Cordially,
Bob
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Old Saturday 16th January 2010, 20:31   #5
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I had an interest in it as an "only" binocular to take along on trips. But as I say, I often decide between 8x and 10x in that situation when a scope is not handy to bring along.

I had a Denali scope for a while, but it just is not going to be of use on business trips where I may wind my way thru all the city parks to my hotel. A lot of walking and a briefcase in one hand or maybe a shoulder bag.

If you have a 9x and you like it, keep it. Will be as good as an 8x36 most times.
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Old Sunday 17th January 2010, 00:55   #6
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Here are the obligatory pics of the package. The binos come in a satin bag. I noticed the thumb indents of the second pair are far less cushy than the first. The first pair feel like they first have "holes" in the body underneath the rubber armor. Don't know why, but I find the monogramed lens covers cool.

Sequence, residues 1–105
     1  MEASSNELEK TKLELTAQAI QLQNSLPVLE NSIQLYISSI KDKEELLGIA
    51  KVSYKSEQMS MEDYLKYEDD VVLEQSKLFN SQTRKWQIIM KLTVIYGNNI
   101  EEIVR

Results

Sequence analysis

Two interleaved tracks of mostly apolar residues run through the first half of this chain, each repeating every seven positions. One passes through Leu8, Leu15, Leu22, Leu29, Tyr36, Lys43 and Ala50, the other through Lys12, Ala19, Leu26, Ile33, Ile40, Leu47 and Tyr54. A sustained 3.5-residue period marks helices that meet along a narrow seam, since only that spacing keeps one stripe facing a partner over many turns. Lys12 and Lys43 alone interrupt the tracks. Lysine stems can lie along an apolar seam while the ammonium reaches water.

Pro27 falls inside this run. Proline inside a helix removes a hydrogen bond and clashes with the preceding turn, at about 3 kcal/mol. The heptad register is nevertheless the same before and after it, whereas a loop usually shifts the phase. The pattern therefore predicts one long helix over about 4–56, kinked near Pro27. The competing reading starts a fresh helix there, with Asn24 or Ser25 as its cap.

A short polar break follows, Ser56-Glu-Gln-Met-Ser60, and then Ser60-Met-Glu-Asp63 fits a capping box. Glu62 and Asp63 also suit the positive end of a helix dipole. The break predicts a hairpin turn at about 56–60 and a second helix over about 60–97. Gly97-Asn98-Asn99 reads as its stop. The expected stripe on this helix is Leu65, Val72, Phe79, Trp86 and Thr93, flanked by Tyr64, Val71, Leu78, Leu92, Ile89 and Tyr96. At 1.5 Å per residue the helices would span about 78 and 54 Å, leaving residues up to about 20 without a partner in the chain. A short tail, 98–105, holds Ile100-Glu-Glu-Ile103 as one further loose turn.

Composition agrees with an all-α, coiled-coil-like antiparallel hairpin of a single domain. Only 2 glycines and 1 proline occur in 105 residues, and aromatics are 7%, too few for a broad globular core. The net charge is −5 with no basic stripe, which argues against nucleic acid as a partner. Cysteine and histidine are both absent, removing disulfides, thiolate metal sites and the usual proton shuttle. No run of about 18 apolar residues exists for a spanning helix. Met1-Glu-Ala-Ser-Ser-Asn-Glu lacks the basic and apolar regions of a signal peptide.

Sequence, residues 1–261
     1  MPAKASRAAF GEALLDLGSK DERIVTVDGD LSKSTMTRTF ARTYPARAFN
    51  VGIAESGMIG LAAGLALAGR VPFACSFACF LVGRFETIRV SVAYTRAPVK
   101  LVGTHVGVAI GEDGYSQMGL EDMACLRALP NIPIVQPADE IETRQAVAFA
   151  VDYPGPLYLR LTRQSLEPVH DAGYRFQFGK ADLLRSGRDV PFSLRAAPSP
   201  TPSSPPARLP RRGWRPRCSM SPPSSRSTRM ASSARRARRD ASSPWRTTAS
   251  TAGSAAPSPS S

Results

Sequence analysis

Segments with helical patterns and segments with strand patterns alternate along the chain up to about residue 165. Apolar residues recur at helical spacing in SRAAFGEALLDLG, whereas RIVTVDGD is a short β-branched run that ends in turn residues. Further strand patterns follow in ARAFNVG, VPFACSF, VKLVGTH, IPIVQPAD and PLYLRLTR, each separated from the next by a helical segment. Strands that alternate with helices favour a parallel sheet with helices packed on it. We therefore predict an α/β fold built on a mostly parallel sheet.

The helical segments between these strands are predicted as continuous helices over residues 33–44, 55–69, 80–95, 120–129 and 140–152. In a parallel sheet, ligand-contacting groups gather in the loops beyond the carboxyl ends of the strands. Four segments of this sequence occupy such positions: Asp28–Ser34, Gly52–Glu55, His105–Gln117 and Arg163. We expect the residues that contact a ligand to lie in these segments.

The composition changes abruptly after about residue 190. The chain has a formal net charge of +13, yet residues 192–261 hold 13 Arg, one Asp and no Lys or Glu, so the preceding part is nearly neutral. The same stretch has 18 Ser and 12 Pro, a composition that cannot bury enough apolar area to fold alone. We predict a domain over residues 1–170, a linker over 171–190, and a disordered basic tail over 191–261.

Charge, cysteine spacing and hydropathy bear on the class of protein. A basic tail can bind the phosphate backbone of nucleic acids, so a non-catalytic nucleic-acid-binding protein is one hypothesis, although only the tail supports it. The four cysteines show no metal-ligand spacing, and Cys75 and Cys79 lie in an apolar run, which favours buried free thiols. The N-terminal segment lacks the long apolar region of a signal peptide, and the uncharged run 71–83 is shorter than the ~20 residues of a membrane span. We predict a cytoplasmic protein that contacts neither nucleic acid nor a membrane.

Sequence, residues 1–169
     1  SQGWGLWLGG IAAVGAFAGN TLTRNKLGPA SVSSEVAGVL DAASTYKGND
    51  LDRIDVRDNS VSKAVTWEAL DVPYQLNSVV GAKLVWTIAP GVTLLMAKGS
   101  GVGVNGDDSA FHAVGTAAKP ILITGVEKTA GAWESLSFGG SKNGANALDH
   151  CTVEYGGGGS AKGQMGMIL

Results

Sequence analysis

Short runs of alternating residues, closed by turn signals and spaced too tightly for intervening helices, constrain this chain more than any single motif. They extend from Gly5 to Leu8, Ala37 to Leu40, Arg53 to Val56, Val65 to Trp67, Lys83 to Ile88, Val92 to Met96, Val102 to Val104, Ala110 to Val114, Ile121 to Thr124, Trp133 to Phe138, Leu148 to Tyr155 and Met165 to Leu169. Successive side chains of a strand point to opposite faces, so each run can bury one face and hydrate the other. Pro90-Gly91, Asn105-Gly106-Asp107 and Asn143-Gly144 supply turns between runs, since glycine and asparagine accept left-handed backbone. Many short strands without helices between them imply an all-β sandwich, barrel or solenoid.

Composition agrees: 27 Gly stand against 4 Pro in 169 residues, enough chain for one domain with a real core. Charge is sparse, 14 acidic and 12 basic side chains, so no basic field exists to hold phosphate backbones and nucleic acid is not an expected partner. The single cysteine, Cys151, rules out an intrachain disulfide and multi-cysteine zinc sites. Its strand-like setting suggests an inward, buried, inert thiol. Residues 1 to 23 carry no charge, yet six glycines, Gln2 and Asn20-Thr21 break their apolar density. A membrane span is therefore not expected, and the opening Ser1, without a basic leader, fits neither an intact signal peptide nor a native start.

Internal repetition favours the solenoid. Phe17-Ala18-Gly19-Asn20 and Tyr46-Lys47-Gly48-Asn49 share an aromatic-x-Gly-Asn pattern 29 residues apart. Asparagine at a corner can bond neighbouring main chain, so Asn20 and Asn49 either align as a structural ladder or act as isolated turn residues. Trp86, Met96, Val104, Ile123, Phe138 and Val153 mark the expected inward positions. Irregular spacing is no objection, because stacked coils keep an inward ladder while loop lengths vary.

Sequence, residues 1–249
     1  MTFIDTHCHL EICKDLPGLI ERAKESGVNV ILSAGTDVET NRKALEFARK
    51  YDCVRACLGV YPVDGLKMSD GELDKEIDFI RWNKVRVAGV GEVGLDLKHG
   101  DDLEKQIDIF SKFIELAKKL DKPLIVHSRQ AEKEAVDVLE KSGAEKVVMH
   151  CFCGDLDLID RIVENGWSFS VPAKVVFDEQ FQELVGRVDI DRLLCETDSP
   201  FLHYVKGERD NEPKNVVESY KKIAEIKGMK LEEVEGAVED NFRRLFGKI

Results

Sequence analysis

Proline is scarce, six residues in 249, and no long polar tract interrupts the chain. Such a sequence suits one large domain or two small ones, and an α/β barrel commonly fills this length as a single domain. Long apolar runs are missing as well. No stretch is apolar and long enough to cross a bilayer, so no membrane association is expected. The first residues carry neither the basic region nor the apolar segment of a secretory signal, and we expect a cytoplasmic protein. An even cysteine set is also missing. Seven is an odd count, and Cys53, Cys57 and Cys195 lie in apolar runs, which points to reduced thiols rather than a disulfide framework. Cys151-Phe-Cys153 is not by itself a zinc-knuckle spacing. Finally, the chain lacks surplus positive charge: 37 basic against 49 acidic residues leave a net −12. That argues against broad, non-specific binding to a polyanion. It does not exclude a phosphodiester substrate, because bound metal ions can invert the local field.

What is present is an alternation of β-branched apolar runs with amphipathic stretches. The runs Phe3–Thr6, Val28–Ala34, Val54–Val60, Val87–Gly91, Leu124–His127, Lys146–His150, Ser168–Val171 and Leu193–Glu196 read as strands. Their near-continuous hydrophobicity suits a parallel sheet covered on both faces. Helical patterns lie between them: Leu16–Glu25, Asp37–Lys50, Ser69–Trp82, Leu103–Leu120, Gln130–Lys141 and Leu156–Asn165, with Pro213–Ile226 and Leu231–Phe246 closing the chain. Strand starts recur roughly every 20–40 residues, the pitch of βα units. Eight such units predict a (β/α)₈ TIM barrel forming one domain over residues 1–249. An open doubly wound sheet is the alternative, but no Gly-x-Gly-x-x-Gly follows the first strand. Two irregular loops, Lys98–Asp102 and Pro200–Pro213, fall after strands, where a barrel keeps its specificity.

The neckstrap is longer than I prefer, with the shortest position leaving the binocular resting on my diaphram instead my breast bone. I am 187cm (6'2") tall too so for shorter users the bino could dangle at waist level or below! At least the harness fits well though it seems overkill for such a lightweight bino. I could then use the neckstrap on the clamshell case.

The attached quick connections are far too long too but when shortened there is not much strap space to attach the rainguard. Took some ingenuity but I figured a solution.

Rick
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Old Sunday 17th January 2010, 01:05   #7
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It is a little low but I did not have a problem with the strap. I am 6' tall.
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Old Sunday 17th January 2010, 01:15   #8
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Hi Rick, The hardcase sort of looks like the one that comes with the ZenRay 7x36 ED2.
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Old Sunday 17th January 2010, 01:35   #9
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Quote:
Originally Posted by Tero View Post

I had a Denali scope for a while, but it just is not going to be of use on business trips where I may wind my way thru all the city parks to my hotel. A lot of walking and a briefcase in one hand or maybe a shoulder bag.

If you have a 9x and you like it, keep it. Will be as good as an 8x36 most times.
When you travel with scope and pod...how do you travel? Do you have a model of a backpack or bag you prefer?